Exonerated terror suspect's suit seems futile

September 24, 2006|By John Riley | John Riley,Newsday

Four years after American officials snatched him off a commercial flight and shipped him to Syria for interrogation as a suspected terrorist, Canadian Maher Arar was exonerated last week in an exhaustive, 1,200-page report from his government that said he was subjected to torture based on a total mistake.

But despite the long-awaited conclusions of Canada's Commission of Inquiry, it might take much longer for Arar to achieve official vindication here, where his attempts to sue have been met by an unusual but formidable legal defense called the "state secrets privilege" that stops cases such as his in their tracks.

Invoked by the Bush administration on matters ranging from human rights abuses to whistleblower suits and challenges to its eavesdropping programs, the doctrine amounts to a claim that letting a case go forward would disclose secrets that could harm national security. But experts say it is also vulnerable to being used to cover up misconduct.

"The legitimate uses are to protect sources and methods of the intelligence community and prevent disclosure of information to the enemy," said William Weaver, a University of Texas, El Paso political scientist who wrote a paper on the Bush administration's increasing use of the doctrine. "But the privilege is so effective - it never loses - that it can lure the government to use it to prevent the disclosure of embarrassing or illegal activity."

"They use it to protect themselves," said Arar's American lawyer, Maria LaHood. "They hide behind it."

Arar, a Canadian software engineer who is now 36, was identified to U.S. officials as a terrorism suspect in 2002 based on a completely botched investigation by Canadian police, according to last week's report, which followed two years of hearings in Canada. The United States refused to cooperate or provide any information to the inquiry.

The report said that the United States apparently relied on the false Canadian intelligence to detain Arar when he passed through Kennedy Airport on an international flight, but then misled Canadian diplomats about its plans to deport Arar to Syria, where he was born, rather than Canada, where he had been a citizen since he was 17.

Despite Syria's dismal human rights record, U.S. officials have claimed that they received assurances Arar would not be tortured. But they have never offered an explanation of why, other than its willingness to use coercion, it was a better place than the United States or Canada for Arar to be questioned.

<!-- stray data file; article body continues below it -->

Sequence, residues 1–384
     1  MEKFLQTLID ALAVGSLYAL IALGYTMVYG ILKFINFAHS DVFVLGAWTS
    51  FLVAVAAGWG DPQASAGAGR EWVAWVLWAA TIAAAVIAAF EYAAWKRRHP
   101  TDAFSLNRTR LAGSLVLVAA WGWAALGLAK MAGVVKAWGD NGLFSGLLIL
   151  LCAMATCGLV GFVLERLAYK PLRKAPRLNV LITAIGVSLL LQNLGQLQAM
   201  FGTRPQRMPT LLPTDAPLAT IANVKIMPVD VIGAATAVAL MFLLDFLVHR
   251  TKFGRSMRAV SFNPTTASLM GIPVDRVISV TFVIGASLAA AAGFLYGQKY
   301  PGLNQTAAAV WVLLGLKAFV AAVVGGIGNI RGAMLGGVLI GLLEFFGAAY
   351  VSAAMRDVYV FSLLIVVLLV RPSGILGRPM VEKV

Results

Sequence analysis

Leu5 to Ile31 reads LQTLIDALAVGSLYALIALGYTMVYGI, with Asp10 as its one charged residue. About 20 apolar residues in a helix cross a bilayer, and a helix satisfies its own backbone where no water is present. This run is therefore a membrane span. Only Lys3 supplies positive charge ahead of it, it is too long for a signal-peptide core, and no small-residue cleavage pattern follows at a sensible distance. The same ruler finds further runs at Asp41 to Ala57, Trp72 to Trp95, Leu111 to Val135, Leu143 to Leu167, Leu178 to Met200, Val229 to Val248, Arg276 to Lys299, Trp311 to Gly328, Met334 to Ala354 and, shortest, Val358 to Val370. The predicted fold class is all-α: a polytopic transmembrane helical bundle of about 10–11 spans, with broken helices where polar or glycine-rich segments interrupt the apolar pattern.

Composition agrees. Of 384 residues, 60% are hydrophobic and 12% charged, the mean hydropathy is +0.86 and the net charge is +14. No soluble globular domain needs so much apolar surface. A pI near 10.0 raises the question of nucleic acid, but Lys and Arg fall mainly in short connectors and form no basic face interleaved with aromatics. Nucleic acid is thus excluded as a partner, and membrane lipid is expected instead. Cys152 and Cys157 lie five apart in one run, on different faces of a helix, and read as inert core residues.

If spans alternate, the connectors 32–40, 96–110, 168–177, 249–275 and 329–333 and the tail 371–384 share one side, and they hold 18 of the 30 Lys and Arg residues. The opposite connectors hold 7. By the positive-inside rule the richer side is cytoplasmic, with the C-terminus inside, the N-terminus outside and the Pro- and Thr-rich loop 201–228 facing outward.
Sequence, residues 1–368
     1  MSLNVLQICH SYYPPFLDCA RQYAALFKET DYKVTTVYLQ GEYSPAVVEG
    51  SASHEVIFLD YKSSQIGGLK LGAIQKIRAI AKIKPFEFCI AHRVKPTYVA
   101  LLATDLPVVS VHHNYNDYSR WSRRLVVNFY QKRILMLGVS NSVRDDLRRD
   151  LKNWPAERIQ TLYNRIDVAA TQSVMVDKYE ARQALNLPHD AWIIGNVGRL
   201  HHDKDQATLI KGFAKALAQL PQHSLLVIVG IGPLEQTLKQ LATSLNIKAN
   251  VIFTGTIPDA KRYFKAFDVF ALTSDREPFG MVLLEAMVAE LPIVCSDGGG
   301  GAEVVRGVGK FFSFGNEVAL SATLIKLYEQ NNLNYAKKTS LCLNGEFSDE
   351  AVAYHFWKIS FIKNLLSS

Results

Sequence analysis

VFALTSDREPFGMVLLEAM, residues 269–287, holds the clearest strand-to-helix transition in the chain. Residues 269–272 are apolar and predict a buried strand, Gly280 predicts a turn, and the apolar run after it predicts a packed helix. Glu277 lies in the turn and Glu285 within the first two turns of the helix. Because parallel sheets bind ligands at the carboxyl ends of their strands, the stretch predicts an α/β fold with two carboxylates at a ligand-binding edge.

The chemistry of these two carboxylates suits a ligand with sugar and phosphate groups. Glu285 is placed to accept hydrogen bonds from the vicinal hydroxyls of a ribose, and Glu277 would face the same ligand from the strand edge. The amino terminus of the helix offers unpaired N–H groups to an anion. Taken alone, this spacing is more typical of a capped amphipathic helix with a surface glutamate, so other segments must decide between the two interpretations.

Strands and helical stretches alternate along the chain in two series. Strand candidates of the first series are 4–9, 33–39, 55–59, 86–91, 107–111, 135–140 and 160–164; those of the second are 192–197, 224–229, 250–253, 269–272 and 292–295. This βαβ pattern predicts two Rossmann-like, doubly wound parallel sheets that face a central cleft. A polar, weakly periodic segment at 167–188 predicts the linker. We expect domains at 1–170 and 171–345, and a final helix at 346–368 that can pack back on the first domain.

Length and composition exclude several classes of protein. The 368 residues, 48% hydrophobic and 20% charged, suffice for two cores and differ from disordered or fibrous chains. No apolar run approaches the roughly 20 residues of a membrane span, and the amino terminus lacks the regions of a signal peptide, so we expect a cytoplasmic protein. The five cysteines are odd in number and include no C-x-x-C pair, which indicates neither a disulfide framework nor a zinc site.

As things worked out, he was held in a tiny cell for a year, beaten with cables, and asked the same questions the Americans had been asking in New York, Arar said after Canadian diplomatic pressure led to his release and return to Canada in late 2003. He called it "torture by proxy" in a 2004 interview with Newsday, and the Canadian inquiry affirmed his story.

Officials in Canada said the case raised serious questions about U.S. "renditions" of terror suspects to third countries. "Why would you ever rely on assurances from Syria?" said Toronto constitutional lawyer Paul Cavalluzzo, counsel to the Arar commission. "This is an example of what can happen when totally innocent people get tied up in the web of rendition policies. This was a living hell for him."

In the United States, the fight for accountability looks to be uphill. Attorney General Alberto R. Gonzales said last week that he "wasn't aware" that Arar was tortured and that his transfer to Syria had been legal.

Also, the lawsuit Arar filed, alleging that his treatment violated anti-torture treaties, was dismissed this year by a New York judge after the government invoked the state secrets defense and related claims that the case involved foreign policy issues that the judiciary should stay out of.

Defenders of the doctrine say that - even in a case like Arar's - it's important for the government to be able to keep the details of its diplomacy secret.

"On an emotional and human level, this is a difficult case," said David Rivkin, a former Reagan-era Justice Department lawyer. "But do you really think it's fair to force the government to disclose the relationship and conversations it had with Syria?"

But critics think the defense is too often used as an excuse, in cases where the only real secret is that allegations of U.S. misconduct that have been widely publicized are true, and the only real danger is that a victim like Arar will prove it if he gets his day in court.

American Civil Liberties Union lawyer Ben Wizner represents Khaled el-Masri, a Kuwaiti-born German whose claim that he was abducted and mistreated by the United States in a case of mistaken identity has been confirmed in official reports in Europe but was dismissed by a federal court in Virginia when the government invoked the state secrets defense.

"The question is why we can't have a trial about the very same issues that have been discussed in the world's newspapers and the reports of foreign governments," Wizner said. "It's just this administration using secrecy to avoid accountability and embarrassment."

John Riley writes for Newsday.

Baltimore Sun Articles
Please note the green-lined linked article text has been applied commercially without any involvement from our newsroom editors, reporters or any other editorial staff.